Friday, May 4, 2007

Iraq War, Further and Further

I rarely read the opinion section of newspapers—I hate being told what to think. Besides, in a Logic class last year we used to find all the logical fallacies in any random editorial. It’s actually pretty fascinating and a little disturbing to see how they manipulate arguments.

In any case, I DO look at the political cartoon near the editorials and saw this op-ed.

(Mind you, I don’t hold the same disregard for op-eds because it is often worth fighting through the factually ambiguity, etc. of those columns when they are written by significant enough figures.)

That article, written by Iraqi Foreign Minister Hoshyar Zebari is informatively entitled “Don’t Abandon Us,” so you can guess what he wants. He describes a tableau of normalcy in Baghdad—traffic jams, police sirens, picnics—and beseeches the international community not to leave Iraq. He says Baghdadis are taking back their country and need our help.

Whoa whoa whoa, hold on.

He says that “there is too much at stake to risk failure, and everything to gain by helping us protect our hard-won democratic achievements and emerge as a stable, self-sustaining country,” (reminding me of my two entries arguing against the troop pullout: the comprehensive and the addendum.)

Wait just a minute.

He says “Spectacular attacks may dominate foreign headlines, but they cannot change the reality that Iraq has made steady political, economic and social progress over the past four years.”

What the hell…

I gave the article to our rampant liberal roommate Pat who read it through and had no vitriolic response. He said that it was well written. Then he said that you still can’t ignore the chaos and violence that’s tearing up our soldiers and the country.

Oh dear.

What the hell are the democrats doing, then? They’re contradicting the liberal internationalist position of providing aid to foreign countries! I mean, I guess we shouldn’t go into Sudan, then. I guess we shouldn’t help out other countries.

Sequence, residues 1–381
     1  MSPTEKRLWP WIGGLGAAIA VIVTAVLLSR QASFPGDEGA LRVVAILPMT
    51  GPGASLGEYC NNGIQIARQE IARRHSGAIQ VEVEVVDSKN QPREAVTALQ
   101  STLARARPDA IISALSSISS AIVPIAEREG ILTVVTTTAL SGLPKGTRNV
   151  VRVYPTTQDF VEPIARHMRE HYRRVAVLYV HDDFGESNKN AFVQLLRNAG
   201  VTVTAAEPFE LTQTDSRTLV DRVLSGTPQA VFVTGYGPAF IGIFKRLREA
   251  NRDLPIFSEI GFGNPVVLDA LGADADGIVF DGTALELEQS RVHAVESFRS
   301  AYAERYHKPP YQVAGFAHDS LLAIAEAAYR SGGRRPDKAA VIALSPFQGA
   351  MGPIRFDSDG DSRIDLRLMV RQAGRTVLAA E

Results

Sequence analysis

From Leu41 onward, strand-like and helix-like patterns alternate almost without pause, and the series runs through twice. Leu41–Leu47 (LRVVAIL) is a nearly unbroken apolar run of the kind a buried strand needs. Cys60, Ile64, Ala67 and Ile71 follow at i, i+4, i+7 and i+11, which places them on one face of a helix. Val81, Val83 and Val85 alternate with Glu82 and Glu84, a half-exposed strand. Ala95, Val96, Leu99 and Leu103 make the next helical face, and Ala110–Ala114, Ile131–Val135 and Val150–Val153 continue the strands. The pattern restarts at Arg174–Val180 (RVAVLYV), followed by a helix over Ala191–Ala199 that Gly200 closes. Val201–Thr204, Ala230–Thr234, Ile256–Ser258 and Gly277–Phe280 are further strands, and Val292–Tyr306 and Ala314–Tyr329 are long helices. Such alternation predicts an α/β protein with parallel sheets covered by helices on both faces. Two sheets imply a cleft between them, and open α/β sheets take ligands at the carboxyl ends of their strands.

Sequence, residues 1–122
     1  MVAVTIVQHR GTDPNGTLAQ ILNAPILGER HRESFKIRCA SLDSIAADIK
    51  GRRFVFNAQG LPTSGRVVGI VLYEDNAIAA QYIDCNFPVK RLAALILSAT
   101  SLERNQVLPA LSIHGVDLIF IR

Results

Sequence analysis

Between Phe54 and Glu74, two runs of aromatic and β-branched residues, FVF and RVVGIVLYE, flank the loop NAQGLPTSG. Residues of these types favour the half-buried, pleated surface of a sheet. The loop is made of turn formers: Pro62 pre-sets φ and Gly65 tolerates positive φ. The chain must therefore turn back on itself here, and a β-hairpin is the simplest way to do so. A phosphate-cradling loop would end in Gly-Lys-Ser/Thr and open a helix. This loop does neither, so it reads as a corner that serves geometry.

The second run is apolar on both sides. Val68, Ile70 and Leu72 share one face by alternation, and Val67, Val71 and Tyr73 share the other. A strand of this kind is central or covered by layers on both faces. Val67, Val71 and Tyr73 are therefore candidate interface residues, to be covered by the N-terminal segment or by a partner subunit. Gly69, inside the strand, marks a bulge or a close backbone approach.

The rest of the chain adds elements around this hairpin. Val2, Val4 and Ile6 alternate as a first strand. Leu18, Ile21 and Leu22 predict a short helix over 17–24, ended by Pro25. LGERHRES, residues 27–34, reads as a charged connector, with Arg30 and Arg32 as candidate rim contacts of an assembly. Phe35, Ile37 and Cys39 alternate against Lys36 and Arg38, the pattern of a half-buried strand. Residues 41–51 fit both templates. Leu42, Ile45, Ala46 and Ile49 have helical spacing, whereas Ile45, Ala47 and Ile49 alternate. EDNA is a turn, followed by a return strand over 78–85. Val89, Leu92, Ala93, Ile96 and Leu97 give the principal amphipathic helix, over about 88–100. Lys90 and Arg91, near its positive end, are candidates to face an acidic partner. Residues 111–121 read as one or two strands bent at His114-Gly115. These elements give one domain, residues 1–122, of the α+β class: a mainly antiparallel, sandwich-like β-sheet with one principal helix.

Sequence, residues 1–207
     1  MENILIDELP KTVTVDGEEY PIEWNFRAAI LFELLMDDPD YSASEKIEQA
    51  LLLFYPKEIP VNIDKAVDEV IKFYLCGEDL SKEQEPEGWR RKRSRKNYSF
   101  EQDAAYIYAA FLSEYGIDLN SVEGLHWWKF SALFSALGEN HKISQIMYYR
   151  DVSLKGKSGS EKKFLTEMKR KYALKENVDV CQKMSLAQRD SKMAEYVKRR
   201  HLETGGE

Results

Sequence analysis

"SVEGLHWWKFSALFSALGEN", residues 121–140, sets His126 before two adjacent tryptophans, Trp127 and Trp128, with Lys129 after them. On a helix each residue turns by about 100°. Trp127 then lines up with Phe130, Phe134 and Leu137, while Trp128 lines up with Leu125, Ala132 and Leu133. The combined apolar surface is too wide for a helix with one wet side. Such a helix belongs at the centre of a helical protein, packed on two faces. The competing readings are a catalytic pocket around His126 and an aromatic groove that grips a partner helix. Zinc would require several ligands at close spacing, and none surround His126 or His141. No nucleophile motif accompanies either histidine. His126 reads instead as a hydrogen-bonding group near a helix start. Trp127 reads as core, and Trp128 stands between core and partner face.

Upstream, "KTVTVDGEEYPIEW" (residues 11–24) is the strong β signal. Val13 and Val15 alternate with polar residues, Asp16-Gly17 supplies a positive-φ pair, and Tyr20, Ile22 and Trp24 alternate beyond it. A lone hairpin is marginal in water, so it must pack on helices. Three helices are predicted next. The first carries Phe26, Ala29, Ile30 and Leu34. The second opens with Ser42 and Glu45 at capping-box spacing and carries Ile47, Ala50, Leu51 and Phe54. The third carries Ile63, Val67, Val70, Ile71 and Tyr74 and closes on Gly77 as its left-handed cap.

Here we are, stuck in a terrible war, sitting with an unbelievable opportunity in our lap. We keep messing Iraq up worse and worse while the potential therein has never waned. We can still help them create a functioning free society; we can still help control our image in the middle east by providing economic and other kinds of support and training; lastly, we can still win the fight against Al-Qaeda there and in so doing make the whole world a little safer.

But no, at this point the democrats are so set on removing troops from Iraq that they refuse to see the potential (unless it involves 2008). This is a ridiculous oversight and yet another example of the machination of politics overshadowing its utility in getting anything positive done.

And worse, there is a more disturbing story beneath that op-ed. How can we believe him? According to our news and our newspapers, Iraq is basically a minefield. We hear about bombings everyday and wonder whether there’s any neighborhood in Baghdad that has unshattered windows.

But Zebari tells us specifically NOT to let these stories affect our broader view of the situation, basically implying that if we let the terrorists control our perception, we’ve let the terrorists win.

Now listen. I am so sick of buzzwords killing arguments but I know that if I say “we can’t pullout because then we’ve let the terrorists win” I’m going to get stoned or dismembered or something. But think about the goal of the terrorists. Unlike past wars, they don’t care about killing as many SOLDIERS as possible, they’re war is against perception. They want to incite as much fear (TERROR) and panic and chaos and hopelessness in the society and in the newspapers to make the soldiers deem the situation unwinnable. So, literally, giving in to these perceptions and allowing ourselves to look over the rare positive article about Iraq IS giving up to the terrorists—it is in fact no different than allowing a political administration to shape the way we feel.

That’s right. Manipulative politics is non-violent terrorism.

In any case, we are left with precious little firm ground. We want peace. We want stability. We want free society. And we want these things with minimal loss of life and as quickly as possible. But, like our topmost generals themselves, we cannot know what the REAL situation is—we cannot know, then, the best possible way to go forward. What is there to do?

In the end, I side wholeheartedly with Zebari. There is simply too much at stake. We cannot pull out.